Tenants demonstrate on the street in front of Ocean Village after security guards ordered reporters off the premises. Led by Ed Williams of the local NAACP and tenant leaders, a number of residents of the Ocean Village complex on Beach 57 Street came out to protest conditions and its management on Friday afternoon.
“Take a look at the garbage, the filth around you,” said tenant activist Bobbi Blair, who has been living in Ocean Village since 1977, “the conditions here are very serious, and not just in terms of the electrical blackout. The conditions have been bad here for 20 years.”
Part of the 11-building complex.
As Blair spoke, two Ocean Village security guards told reporters from The Wave and New York 1 News that they had no business on the complex grounds, even as guests of a tenant. The guards firmly pushed reporters towards the street.
Once on the street, Blair said that management continually says they will alleviate the conditions, but nothing is ever done.
“There is an elevator that was burned with a worker in it last year,” she said. “It has never been repaired.”
An emergency generator provides power to a building at Ocean Village. An Ocean Village spokesperson says the generators were brought in two weeks ago by management and that all of the buildings were back on line by Monday. “We have blackouts every few months, the elevators are continually going out, and management refuses to speak with us,” she added.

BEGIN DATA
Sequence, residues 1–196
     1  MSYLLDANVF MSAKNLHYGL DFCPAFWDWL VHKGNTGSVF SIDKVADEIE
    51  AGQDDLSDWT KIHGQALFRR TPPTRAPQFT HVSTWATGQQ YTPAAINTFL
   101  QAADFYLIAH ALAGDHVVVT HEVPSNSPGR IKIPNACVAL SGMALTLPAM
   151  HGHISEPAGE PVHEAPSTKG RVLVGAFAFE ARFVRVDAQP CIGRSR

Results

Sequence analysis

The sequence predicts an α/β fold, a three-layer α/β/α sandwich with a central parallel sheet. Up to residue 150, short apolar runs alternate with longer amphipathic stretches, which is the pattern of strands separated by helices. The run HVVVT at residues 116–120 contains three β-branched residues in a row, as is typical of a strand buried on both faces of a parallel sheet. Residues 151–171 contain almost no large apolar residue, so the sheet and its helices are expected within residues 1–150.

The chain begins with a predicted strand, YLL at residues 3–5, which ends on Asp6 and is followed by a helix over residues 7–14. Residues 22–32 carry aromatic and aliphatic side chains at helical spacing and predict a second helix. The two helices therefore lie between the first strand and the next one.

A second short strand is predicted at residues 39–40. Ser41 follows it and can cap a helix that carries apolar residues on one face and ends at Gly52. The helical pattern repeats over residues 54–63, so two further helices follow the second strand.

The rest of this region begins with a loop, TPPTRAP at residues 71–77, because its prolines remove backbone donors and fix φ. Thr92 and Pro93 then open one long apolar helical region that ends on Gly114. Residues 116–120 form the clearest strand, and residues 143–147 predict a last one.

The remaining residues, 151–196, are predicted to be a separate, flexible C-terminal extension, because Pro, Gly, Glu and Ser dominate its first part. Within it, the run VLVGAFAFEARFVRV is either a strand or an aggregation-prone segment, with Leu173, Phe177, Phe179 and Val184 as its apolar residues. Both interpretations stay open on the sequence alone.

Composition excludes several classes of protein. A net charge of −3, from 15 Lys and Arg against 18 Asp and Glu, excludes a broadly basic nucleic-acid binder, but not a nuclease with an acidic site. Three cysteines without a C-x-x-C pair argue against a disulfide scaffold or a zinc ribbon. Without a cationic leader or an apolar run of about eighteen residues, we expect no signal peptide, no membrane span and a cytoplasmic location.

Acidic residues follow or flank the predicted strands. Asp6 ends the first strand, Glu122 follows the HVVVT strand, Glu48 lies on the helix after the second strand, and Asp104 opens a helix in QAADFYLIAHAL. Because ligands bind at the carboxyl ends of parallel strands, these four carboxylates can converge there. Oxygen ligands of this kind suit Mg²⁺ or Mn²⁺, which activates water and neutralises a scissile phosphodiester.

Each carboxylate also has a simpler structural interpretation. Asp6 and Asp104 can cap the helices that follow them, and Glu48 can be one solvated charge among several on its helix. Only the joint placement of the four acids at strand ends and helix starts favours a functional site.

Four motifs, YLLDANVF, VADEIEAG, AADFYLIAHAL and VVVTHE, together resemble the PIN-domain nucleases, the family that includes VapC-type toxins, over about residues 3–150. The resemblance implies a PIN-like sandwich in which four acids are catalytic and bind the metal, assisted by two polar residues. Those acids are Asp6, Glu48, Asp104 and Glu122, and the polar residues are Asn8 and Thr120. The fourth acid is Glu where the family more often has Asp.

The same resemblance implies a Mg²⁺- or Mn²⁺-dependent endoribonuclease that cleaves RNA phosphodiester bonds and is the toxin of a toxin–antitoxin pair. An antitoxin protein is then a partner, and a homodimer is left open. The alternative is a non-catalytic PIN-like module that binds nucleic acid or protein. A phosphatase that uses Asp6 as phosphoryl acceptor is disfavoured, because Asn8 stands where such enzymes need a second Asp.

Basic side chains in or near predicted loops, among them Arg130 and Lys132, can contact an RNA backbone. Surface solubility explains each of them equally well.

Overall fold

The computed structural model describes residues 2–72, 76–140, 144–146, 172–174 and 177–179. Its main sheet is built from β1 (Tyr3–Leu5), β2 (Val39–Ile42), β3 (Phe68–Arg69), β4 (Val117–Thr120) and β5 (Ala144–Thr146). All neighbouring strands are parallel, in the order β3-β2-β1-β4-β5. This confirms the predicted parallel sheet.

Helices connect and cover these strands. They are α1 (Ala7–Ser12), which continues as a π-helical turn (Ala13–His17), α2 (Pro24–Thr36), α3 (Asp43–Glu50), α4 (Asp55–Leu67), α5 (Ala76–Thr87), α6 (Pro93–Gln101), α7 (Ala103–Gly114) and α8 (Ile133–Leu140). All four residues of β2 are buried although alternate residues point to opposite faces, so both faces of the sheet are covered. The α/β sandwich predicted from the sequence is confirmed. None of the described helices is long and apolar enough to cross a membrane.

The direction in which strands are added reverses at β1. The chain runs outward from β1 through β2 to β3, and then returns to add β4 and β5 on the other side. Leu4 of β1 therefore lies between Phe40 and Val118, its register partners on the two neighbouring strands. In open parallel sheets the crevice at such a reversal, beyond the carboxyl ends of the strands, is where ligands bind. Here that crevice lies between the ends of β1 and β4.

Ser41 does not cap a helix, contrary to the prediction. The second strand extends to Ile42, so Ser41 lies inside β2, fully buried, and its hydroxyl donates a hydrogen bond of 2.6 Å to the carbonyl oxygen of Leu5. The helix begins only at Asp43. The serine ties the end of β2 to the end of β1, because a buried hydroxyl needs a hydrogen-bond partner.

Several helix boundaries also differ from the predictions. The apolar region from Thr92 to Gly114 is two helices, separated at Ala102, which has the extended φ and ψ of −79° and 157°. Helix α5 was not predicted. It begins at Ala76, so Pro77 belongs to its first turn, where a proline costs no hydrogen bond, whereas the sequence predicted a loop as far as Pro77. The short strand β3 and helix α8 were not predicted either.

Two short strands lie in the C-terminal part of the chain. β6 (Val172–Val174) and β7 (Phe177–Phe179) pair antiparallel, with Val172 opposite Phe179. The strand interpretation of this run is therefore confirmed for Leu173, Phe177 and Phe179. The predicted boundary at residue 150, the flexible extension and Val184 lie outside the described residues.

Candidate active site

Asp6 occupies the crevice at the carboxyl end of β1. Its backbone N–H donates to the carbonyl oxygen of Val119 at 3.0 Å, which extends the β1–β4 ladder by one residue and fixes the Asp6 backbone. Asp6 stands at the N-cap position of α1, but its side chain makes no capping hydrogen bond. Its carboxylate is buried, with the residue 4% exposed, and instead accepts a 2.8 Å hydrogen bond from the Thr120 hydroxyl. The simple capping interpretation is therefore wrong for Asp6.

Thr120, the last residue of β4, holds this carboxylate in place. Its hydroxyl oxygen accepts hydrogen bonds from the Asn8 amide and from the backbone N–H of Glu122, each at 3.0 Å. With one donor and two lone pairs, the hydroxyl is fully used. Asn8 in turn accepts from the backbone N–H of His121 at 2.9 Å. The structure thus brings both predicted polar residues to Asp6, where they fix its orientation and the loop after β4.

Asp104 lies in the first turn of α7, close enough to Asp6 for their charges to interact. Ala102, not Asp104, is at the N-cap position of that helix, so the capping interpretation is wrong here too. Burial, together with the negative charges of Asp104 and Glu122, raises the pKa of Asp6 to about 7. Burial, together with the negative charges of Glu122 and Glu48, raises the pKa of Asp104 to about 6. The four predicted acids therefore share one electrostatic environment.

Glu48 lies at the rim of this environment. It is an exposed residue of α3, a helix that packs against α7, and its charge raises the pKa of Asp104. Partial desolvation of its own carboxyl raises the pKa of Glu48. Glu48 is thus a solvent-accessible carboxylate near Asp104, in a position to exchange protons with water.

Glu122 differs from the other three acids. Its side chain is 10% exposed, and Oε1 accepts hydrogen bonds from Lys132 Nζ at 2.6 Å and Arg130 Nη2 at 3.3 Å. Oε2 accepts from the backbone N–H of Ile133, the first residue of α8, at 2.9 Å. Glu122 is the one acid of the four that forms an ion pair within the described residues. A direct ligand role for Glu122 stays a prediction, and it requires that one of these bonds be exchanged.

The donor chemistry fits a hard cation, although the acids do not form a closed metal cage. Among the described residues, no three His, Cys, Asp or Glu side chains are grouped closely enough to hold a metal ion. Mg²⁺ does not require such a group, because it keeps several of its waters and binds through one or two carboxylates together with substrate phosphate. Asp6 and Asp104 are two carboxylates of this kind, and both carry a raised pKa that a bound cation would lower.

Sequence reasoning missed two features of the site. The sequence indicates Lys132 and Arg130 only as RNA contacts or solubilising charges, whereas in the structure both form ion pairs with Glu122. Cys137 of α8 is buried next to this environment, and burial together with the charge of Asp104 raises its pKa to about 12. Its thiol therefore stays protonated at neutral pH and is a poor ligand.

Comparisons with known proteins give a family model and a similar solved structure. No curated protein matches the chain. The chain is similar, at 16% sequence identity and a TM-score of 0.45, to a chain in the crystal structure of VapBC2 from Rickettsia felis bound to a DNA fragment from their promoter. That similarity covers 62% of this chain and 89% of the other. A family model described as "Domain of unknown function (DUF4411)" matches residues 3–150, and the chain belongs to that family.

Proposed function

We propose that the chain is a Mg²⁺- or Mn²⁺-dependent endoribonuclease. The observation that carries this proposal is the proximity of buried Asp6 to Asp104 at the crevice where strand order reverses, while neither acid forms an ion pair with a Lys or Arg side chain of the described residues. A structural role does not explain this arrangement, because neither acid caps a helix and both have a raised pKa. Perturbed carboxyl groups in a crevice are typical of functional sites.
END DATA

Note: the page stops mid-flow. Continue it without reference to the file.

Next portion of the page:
“This protest is small, but it is going to grow,” she promised. “We are going to be in their face every week and they will have to start listening to us.”
|Dawn Coutrier-Carr in her wheelchair is interviewed by Channel 1 News. Behind her is Ed Williams, the head of the local NAACP and Congressman Gregory Meeks’ executive assistant. Both Meeks and City Councilman James Sanders have been helping tenants during the long blackout.Two security officers ordered reporters off the grounds and then stayed around to make sure they did not reenter the complex. A spokesperson for management later apologized to The Wave saying they had no authorization to stop reporters from coming on complex grounds.|